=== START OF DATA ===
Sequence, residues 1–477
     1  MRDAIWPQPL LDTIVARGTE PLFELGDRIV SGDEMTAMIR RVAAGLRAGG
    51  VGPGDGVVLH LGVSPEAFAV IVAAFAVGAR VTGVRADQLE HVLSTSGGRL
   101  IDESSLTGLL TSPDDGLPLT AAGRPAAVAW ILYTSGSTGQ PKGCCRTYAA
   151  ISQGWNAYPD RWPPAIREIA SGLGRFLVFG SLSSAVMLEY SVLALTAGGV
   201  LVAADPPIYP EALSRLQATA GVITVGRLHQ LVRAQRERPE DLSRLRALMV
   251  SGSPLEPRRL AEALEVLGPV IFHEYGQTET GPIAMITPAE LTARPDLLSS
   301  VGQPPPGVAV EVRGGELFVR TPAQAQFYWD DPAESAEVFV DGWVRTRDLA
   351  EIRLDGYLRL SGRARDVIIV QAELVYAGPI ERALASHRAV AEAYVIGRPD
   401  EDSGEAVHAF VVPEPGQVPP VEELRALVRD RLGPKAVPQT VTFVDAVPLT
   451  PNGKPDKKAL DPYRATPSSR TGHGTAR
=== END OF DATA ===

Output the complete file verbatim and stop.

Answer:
Sequence, residues 1–477
     1  MRDAIWPQPL LDTIVARGTE PLFELGDRIV SGDEMTAMIR RVAAGLRAGG
    51  VGPGDGVVLH LGVSPEAFAV IVAAFAVGAR VTGVRADQLE HVLSTSGGRL
   101  IDESSLTGLL TSPDDGLPLT AAGRPAAVAW ILYTSGSTGQ PKGCCRTYAA
   151  ISQGWNAYPD RWPPAIREIA SGLGRFLVFG SLSSAVMLEY SVLALTAGGV
   201  LVAADPPIYP EALSRLQATA GVITVGRLHQ LVRAQRERPE DLSRLRALMV
   251  SGSPLEPRRL AEALEVLGPV IFHEYGQTET GPIAMITPAE LTARPDLLSS
   301  VGQPPPGVAV EVRGGELFVR TPAQAQFYWD DPAESAEVFV DGWVRTRDLA
   351  EIRLDGYLRL SGRARDVIIV QAELVYAGPI ERALASHRAV AEAYVIGRPD
   401  EDSGEAVHAF VVPEPGQVPP VEELRALVRD RLGPKAVPQT VTFVDAVPLT
   451  PNGKPDKKAL DPYRATPSSR TGHGTAR